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Discussion Starter #1
Hello all!

Looking for advice on how to adjust our older dog’s playing style so that she can get along better with two new puppies in the house. Our older dog (2.5 year old bernedoodle, Gormley) has always been a rough and tumble kind of player. Until these new dogs showed up, we would go to the dog park pretty much daily. Perhaps due to that, she plays on the rough side. Never aggressive in the slightest, but she likes to jump around. She will latch onto other dogs’ legs to get their attention and get a rise out of them. She’s also quite vocal when she plays, just making a lot of noise, and if her intended target isn’t giving her attention, she will stand there barking at them.
This hasn’t been a problem up to now, as she’s always found buddies at the park with whom she gets along really well. But we’ve recently picked up a couple puppies (a now ~6 month old terrier mix Gelabrous, and a ~4 month old Pyredoodle Kratos).
Gelabrous came first, and when it was just him, they got along pretty well. Gormley would come on a little strong sometimes, but Gelabrous was happy to play with her for the most part. A couple months later, Kratos showed up and he was not into it. He’s a confident dog, but he’s a little intimidated by Gormley. I attribute that to her being bigger than him (for now), and her being so vocal.
Gormley will do her thing where she latches on to his leg, and he will just stand there kind of waiting for it to be done. It’s gotten to where he’ll just run away from her when she’s wanting to play. He’s not fully terrified of her - he is always happy to see her in the morning and will cuddle with her when napping. But as soon as she’s in play mode, he wants no part of it.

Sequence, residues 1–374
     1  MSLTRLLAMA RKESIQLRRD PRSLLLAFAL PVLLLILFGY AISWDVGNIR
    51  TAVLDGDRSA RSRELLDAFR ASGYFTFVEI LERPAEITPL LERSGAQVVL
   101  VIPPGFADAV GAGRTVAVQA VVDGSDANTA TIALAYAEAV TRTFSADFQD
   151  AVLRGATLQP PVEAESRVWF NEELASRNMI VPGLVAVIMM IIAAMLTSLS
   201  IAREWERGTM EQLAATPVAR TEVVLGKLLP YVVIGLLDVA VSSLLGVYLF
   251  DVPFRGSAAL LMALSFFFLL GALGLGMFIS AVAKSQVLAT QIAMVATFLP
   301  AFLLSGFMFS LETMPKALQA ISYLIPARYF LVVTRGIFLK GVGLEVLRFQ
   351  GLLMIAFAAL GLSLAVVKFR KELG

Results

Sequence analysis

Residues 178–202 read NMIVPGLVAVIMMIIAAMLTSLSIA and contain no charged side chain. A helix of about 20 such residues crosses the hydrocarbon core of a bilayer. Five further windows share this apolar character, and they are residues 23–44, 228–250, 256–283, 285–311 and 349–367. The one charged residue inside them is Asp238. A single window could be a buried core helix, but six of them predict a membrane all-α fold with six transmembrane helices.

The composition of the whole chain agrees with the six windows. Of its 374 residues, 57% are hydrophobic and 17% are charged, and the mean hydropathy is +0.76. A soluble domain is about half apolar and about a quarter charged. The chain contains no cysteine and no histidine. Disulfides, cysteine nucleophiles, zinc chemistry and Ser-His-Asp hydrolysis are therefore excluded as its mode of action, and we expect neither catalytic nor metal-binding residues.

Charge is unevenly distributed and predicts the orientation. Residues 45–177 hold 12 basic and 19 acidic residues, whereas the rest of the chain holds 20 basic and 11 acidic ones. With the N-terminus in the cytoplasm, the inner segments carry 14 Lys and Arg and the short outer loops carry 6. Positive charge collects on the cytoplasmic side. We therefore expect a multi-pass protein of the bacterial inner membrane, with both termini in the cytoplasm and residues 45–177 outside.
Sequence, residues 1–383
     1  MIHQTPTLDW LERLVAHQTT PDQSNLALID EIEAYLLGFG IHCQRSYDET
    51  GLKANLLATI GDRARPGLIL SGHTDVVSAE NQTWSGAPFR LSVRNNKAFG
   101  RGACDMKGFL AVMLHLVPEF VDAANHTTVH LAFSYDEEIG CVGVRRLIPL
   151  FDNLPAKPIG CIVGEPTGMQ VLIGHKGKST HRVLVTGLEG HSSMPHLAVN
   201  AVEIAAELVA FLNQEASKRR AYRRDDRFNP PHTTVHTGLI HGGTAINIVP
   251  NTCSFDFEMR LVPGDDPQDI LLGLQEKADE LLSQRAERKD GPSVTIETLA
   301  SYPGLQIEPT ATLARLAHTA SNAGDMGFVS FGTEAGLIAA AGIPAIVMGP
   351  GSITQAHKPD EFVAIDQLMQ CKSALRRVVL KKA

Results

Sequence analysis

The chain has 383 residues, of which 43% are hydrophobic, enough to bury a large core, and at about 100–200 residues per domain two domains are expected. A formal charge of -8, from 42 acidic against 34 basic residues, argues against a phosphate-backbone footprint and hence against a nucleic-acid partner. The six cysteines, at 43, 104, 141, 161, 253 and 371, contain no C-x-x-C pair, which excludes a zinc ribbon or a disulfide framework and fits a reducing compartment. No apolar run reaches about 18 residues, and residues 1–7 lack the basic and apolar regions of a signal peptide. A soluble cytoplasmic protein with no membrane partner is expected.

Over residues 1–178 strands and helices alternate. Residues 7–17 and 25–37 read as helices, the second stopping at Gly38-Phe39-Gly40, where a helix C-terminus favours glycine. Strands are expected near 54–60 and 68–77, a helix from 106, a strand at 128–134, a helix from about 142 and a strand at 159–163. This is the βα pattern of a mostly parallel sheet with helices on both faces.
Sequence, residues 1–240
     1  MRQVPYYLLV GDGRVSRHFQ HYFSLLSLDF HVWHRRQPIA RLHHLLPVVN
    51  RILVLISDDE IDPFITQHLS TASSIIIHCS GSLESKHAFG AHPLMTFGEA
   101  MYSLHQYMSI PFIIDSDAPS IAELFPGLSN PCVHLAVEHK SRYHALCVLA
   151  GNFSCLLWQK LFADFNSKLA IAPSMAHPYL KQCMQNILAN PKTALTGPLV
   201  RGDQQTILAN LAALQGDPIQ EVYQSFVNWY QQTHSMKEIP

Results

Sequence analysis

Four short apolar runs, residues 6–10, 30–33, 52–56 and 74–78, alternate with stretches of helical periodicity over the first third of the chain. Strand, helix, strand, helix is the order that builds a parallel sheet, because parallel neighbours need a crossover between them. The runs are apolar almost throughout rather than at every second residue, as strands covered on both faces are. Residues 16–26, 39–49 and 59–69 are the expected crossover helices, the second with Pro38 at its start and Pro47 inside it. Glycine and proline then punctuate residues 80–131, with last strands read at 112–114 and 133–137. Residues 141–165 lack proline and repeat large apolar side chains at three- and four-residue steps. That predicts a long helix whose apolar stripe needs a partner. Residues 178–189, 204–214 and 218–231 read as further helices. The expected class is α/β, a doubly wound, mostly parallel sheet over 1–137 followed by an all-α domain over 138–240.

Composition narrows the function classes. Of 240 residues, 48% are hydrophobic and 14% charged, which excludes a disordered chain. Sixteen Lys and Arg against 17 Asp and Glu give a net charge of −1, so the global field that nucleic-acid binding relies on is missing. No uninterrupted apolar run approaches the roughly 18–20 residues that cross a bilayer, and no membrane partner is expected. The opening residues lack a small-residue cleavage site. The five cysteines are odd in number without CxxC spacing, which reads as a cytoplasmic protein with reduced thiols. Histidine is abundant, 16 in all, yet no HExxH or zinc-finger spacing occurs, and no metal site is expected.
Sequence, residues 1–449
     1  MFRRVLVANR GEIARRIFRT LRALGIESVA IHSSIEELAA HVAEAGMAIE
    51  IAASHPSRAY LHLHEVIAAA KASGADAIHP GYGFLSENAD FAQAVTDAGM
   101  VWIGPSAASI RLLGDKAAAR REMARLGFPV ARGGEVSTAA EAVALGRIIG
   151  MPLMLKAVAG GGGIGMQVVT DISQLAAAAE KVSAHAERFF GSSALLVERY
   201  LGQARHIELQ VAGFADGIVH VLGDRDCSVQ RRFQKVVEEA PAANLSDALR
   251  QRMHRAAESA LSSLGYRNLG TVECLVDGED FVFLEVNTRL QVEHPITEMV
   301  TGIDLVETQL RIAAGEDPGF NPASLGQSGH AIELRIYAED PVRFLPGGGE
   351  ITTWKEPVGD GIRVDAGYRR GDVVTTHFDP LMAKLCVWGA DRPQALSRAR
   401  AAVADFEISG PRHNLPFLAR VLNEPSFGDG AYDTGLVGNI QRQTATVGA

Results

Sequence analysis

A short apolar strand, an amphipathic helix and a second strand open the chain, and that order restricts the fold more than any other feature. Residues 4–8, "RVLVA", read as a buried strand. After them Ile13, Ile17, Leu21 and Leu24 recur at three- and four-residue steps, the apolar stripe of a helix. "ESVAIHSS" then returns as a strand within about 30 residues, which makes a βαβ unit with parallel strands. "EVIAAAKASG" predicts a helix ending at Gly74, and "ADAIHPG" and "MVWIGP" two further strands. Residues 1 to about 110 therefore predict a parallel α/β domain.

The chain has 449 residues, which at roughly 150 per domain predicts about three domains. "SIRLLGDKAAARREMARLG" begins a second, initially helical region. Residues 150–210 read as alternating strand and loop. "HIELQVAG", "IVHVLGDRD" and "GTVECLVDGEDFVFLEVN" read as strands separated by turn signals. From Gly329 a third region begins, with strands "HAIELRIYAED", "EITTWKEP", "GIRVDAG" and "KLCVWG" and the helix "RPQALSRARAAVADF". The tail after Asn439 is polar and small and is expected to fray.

Further, Kratos and Gelabrous get along really well, so now Gelabrous has begun acting the same way towards Gormley as Kratos does.
This really bums me out.. one of the reasons we decided to get more dogs was so that Gormley would have buddies to play with.
Long story short.. any tips on how I can either adjust Gormley’s playing style to make it more palatable for them? Or adjust their expectations to make her playing more enjoyable?

Any help would be appreciated!
 

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The play you described while at the park is rude, trying to get a rise out of dogs and barking at them when they ignore her is inappropriate play and has perhaps been reinforced by you allowing it. Sometimes a dogs warnings are slight and going to parks requires close observations for these warnings, and if your dog is not respecting those warnings it's your job to intervene and correct it so the other dog is not stressed. Your responsibility to other park goers is to remove your dog if play interactions become inappropriate, and this is going to be the same at home. Keep a short traffic lead on Gormley at home and at the park so you can easily gain physical control of your dog when needed and correct the behavior.
 

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I agree that Gormley's play behavior is very rude. Honestly, I'm surprised she hasn't been on the receiving end of some serious dog 'corrections' and gotten herself in a fight before now. That sort of behavior might be tolerated by well known dogs (best friends, if you will) but to pull the leg grab maneuver on a stranger is just asking for trouble.

I agree that you should step in & remove her from any play situation that seems to be stressing the other dog out. If she initiates play, and they don't show interest in reciprocating, you need to call her away or, if she won't come willingly, then physically removing her for a bit of a cool down is in order.

If the other dog follows & seems to want to interact with her after you've brought her away, then it's probably OK to let her go back & engage with them. If they continue to ignore her or walk away, then she needs to learn to understand & respect the other dogs' boundaries.
 

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Discussion Starter #4